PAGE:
From Pot to Plate: How to Grow and Cook Carrots
You don't actually need a garden to grow beautiful and tasty fruit and vegetables says Great Dixter’s Aaron Bertelsen
If you’ve visited this beautiful place, a couple of hours south of London, you may well have admired Bertelsen’s fruit and vegetable beds which lie close to the house, or enjoyed the fruits of his labours in Great Dixter’s café – or Refreshment Loggia, as it is known on site.
Yet Bertelsen devotes quite a lot of his skills towards Great Dixter’s courtyard garden, where, over the years, he has cultivated a beautiful, albeit slightly more private selection of plants.
In these pots, Bertelsen has grown the most obvious container crops, such as salad leaves and artichokes. Yet he’s also delved beneath the earth, and sown less common choices: root crops.
“Root vegetables may not seem like the most obvious candidates for a container garden, but they can do very well in a confined space, and, of course, you can control the growing conditions in a pot far more easily than in a garden,” he says. “They are also surprisingly generous crops to grow: a pot of beetroot (beets) will give you handfuls of delicious leaves (greens) as well as the roots themselves. Root vegetables are well worth growing for aesthetic reasons too: the bright green, frothy foliage of a carrot is a great foil for the dramatic, deep red of beetroot leave.”
However, aesthetics isn't the only reason to go for potted carrots; raising them up, in a container gets them away from one of its great pests. “It was a lady who came to one of my vegetable talks who first told me about growing carrots in pots,” explains Bertelsen in his new book, Grow Fruit & Vegetables in Pots. “She said that she did it to outwit the carrot fly, which operate at ground level, so if you grow your carrots higher up, they should escape. It works brilliantly.”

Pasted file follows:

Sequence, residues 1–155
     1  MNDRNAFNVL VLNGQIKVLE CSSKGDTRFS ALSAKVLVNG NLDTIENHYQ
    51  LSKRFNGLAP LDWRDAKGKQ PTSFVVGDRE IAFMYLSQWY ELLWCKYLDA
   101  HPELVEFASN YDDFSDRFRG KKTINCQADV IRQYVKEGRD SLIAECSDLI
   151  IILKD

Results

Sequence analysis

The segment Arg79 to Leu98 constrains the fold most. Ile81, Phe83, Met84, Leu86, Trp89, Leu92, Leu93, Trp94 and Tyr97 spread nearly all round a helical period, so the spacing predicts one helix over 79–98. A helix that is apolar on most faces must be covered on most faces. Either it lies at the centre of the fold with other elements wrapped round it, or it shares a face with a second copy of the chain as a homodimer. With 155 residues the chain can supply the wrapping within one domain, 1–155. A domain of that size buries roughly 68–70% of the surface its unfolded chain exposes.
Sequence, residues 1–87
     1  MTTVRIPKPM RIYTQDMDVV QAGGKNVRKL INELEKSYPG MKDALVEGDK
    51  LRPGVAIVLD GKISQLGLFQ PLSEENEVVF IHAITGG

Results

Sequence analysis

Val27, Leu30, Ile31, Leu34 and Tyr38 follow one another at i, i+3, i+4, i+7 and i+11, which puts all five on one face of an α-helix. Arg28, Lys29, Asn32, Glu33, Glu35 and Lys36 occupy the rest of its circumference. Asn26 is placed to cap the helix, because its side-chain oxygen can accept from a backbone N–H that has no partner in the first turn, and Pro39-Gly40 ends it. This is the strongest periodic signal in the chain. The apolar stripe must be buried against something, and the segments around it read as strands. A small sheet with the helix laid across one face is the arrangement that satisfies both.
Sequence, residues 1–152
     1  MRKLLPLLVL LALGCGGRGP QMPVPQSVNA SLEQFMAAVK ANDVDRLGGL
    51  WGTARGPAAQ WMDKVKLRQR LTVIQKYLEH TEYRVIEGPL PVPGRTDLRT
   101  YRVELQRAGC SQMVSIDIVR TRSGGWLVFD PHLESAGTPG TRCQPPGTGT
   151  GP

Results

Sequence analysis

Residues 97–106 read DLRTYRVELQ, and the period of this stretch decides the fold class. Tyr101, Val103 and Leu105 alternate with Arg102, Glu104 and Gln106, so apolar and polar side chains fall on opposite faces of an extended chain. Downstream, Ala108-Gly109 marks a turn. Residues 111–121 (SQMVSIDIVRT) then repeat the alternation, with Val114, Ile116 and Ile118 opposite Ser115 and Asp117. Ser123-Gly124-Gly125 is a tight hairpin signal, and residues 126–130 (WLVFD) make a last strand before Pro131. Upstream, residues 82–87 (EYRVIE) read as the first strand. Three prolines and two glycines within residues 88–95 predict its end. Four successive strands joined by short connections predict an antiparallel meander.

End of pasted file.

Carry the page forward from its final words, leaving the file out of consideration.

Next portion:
Dodging the carrot fly sets Bertelsen’s crops at a distinct advantage. Yet he has to overcome other difficulties. “Carrots like it gritty, so I add some sharp sand to the mix – about one part sand to ten parts compost (potting soil),” he explains.
He also favours high, slender ‘long Tom’ pots, to let his vegetables develop below the soil line, and he thins out the younger plants as they mature, to give the carrots space to grow. “Each time you do it, you are rewarded with a handful of baby carrots to put in a salad, dip into hummus or enjoy just as they are,” he says.
For a more substantial carrot dish, try Bertelsen’s Soup of Israel, which was inspired by the cook and gardener’s own travels in the Holy Land. For this you’ll need 2 tablespoons olive oil; a large leek, trimmed and cut into 1-cm/1/2-inch slices; 2 cloves garlic, crushed (minced); a teaspoon coarse (kosher) sea salt; 3 carrots, trimmed, scrubbed and diced; 1 celeriac (celery root), peeled and diced, and the leaves (if you have them) finely chopped; 2 potatoes, scrubbed and diced; 3 large tomatoes, diced; 2 x 400-g/14-oz cans chickpeas, drained and rinsed; a bay leaf; 1.2 litres/2 pints (5 cups) vegetable stock (broth); the juice of a lemon; 25 g/1 oz (1/2 cup) chopped flat-leaf parsley, and some pepper.
Heat the oil in a large pan over medium heat, add the leek, garlic, salt and some pepper and cook the vegetables gently for 5–10 minutes until they start to release their juices. Add the carrots, celeriac (celery root), potatoes, tomatoes, chickpeas and bay leaf and cook for another 5 minutes.
Add the stock (broth), bring up to a simmer and cook for 30–40 minutes until the vegetables are tender. Do this with the lid off, so the soup reduces slightly and the flavours are concentrated. Remove from the heat, add the lemon juice and parsley and season to taste with salt and pepper. There, in a little over an hour, you’ve gone straight from pot to plate.
For a more detailed version of this recipe, as well as more tips on growing carrots and much more besides, order a copy of Grow Fruit & Vegetables in Pots here.